Encouraged by better-than-expected inflation figures, they resumed their pursuit of leading shares.
Their interest produced the first FT-SE 100 index advance for seven trading days, as a lunchtime 5.4-point fall was transformed into a closing gain of 18.4 to 3,096.
The index had fallen nearly 100 points in the account, including Friday's dramatic 63.4 plunge. A weak New York market, reflecting worries about the US economy, was responsible for what then appeared to be growing discomfort over the stock market's autumn strength. Some commentators were even tempted to draw comparisons with the 1987 crash.
British Petroleum was one blue chip to benefit, up 8p to 360p. Imperial Chemical Industries gained 8p to 710p and Unilever put on 17p to 1,127p. British Airways rose 10p to 397p.
BAT Industries, up 12p to 491p, continued to draw strength from signs that the fierce US cigarette war could be coming to an end. One leading US manufacturer announced a modest price increase, lifting hopes that Philip Morris, the industry leader that started the present turmoil in April, planned to abandon its cut-price policy. BAT has climbed 29p since the possibility of a change of direction surfaced on Monday.
Drug shares were in demand. Glaxo Holdings, SmithKline Beecham and Wellcome were firm. But the hard-pressed Medeva was the sector star.
Stories flowed that a takeover bidder, said to be Canadian, lurked, driving the shares 6p higher to 126p in busy trading.
Medeva has had a volatile time this year, tumbling from a 236p high to an 85p low. The shares lost their glamour rating as the group became embroiled in patent disputes, hit problems at its US offshoots and was forced to issue a profits warning.
But Fisons remained friendless, falling another 4p to 143p, a new low, on worries about its sales methods. Zeneca was also weak, down 10p at 753p.
The food retailers remained neglected, with Smith New Court cutting profit forecasts across the board and hanging sell signs over Argyll, Kwik Save and Tesco. Iceland is the only significant player in the sector to attract an SNC buy recommendation.
Elsewhere, Mirror Group Newspapers fell 7p to 151p over the Princess of Wales photographs and worries about a possible advertising boycott.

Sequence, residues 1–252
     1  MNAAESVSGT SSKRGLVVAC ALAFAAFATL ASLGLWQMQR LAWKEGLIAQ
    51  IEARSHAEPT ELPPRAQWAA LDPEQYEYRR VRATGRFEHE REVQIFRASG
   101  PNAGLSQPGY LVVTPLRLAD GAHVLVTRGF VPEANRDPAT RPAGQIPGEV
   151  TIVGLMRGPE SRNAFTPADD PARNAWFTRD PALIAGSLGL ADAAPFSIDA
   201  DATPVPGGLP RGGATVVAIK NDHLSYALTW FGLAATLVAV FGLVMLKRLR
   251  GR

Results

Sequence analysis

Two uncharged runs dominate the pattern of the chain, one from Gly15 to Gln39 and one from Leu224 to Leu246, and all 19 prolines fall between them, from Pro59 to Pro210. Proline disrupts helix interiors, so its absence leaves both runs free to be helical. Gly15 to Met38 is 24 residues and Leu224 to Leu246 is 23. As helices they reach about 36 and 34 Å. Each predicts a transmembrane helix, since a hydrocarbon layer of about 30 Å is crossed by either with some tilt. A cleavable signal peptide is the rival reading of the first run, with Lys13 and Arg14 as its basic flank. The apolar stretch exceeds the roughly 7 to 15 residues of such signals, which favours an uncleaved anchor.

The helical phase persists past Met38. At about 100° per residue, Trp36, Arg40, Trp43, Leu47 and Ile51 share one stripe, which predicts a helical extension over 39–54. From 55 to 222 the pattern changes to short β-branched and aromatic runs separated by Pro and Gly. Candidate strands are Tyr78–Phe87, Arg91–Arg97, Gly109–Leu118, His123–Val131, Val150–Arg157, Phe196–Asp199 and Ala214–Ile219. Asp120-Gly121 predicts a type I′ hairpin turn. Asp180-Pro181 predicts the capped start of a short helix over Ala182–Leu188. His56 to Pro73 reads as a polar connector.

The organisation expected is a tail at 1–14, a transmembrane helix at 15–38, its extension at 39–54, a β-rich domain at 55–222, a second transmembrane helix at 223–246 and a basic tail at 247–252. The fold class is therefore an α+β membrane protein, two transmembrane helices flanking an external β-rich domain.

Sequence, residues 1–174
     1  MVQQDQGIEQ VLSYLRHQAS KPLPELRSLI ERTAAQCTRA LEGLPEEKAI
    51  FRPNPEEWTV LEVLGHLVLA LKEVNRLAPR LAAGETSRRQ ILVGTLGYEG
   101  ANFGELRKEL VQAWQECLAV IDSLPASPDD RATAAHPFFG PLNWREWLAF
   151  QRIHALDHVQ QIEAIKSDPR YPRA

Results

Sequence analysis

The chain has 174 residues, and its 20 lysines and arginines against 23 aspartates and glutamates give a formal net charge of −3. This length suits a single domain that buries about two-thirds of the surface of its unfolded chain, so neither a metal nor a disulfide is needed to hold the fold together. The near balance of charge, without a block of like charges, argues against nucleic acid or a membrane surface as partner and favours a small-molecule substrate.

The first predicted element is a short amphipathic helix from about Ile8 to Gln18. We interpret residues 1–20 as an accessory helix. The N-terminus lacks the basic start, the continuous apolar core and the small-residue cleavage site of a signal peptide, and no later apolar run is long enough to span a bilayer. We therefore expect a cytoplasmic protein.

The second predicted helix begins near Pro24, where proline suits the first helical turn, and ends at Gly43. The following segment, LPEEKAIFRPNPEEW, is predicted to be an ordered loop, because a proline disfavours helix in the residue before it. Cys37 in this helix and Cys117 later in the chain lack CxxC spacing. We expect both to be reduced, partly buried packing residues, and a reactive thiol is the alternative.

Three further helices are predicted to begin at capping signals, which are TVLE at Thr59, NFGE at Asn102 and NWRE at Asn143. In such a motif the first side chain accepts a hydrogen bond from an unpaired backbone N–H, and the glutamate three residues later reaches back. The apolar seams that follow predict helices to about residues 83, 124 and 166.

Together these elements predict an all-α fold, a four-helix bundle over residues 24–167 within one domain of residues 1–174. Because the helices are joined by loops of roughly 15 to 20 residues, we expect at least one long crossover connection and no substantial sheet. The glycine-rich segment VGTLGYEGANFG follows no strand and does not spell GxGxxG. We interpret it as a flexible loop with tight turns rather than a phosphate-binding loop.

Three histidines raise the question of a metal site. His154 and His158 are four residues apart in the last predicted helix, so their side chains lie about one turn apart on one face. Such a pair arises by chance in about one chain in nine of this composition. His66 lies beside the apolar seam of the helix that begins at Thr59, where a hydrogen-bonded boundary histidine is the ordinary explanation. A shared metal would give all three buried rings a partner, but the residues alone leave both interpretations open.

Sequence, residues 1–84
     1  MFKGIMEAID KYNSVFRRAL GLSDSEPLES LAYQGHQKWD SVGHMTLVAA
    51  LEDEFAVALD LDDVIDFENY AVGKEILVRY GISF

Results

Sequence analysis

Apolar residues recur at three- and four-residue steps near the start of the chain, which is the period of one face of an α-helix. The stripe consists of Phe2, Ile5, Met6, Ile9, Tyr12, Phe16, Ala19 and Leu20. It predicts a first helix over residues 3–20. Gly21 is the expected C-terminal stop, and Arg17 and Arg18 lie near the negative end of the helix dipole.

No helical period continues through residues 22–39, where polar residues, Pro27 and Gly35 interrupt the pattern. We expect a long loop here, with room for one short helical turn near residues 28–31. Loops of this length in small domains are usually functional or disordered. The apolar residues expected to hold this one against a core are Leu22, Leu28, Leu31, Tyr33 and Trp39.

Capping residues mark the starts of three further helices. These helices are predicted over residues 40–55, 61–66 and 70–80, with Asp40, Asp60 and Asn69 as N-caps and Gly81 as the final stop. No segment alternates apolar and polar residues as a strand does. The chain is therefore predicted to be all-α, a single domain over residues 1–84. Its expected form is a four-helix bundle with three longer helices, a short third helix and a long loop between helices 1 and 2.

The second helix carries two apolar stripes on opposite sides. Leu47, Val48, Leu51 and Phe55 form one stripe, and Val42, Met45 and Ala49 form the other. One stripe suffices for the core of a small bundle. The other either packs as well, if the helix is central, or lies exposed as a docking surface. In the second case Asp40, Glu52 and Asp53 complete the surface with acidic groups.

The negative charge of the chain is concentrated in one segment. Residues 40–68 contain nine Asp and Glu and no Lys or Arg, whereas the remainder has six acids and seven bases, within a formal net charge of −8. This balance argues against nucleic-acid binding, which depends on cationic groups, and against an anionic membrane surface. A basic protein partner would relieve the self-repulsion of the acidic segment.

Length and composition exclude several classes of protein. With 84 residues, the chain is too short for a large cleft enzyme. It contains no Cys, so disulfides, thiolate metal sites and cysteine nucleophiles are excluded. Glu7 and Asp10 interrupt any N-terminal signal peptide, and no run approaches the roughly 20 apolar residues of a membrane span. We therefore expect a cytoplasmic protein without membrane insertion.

First Leisure Corporation gave up 20p to 257p as Cazenove, the company's broker, downgraded this year's expectations from pounds 38m to pounds 36m. The market is looking for around pounds 32m for the year just ended. Ladbroke, the betting and hotel group, ended 2p lower at 172p as a 9-million-share bed-and- breakfast deal was completed.
Williams Holdings, the conglomerate, edged forward 5p to 337p following investment meetings. TT, another conglomerate, remained firm at 333p on the back of City meetings.
SG Warburg fell 20p to 857p as take-profits advice from James Capel greeted its sharp but expected profit advance. The related Mercury Asset Management lost 23p to 679p on its results.
Burton, the clothing retailer, rose 2.5p to 76.5p as Nomura and Capel recommended the shares following sell advice from Kleinwort Benson, which frets about the chain's reliance on special promotions. 'Once a brand's price integrity is undermined, it takes blood, sweat and tears to rebuild its value,' it said.
Tate & Lyle moved ahead 2p to 382p with Williams de Broe forecasting sharp profits progress this year. It expects pounds 218m (against pounds 189.5m) to be reported later this month for the year ended September and looks for pounds 255m in the current 12 months.
Lucas Industries improved 3p to 179p, a 1993 high. An announcement is expected that George Simpson, the market's choice as the new chief executive, is about to be released by British Aerospace.
Water shares remained in the doldrums, with UBS and Warburg negative. The Anglian Water results did not help sentiment.
Newcomer Roxboro, an electronics group placed at 230p, closed at 250p. Monday's debutant Abacus continued to progress, reaching 163p against a 140p placing price. The shares are expected to move ahead to about 185p. A pounds 21.5m takeover bid pushed Multitone Electronics up 8p to 139p.
Alexanders Holdings, the Scottish car group, at one time touched 30p following the sale of the T Cowie stake to Aleksandra Clayton, the company's chairman. But the shares closed at 25p, up 4p.
A profits warning hit International Food Machinery, off 19p at 35p. Another warning casualty was FII, a footwear group. The shares fell 61p to 280p.
Psion, the computer group, advanced another 8p to 176p following its investment presentation on Monday.
Although blue chips moved ahead the rest of the market was sluggish. The FT-SE 100 index was up 18.4 to 3,096 but the FT-SE 250 index was little changed. Turnover was 724.1 million. The account ends on Friday with settlement on 22 November. Gilts were firm.
Maddox, the troubled computer group headed by Hugo Biermann, is due to report results today. Sweeping changes are expected to accompany the figures, including write-downs, board appointments and a change of name. There could also be a rights issue with shares being offered on a one-for-four ratio. The shares rose 1p to 3.5p. They have been as low as 2p.
Emerald Energy looks set for an impressive debut next week. In a classic reverse deal the company has acquired US oil and gas production assets and placed 170 million shares at 1p, valuing the group at pounds 2.6m. But the quality of the US assets and the presence of Peter Winton, ex-Tricentrol, as managing director, could, it is thought, encourage an opening price of 2p.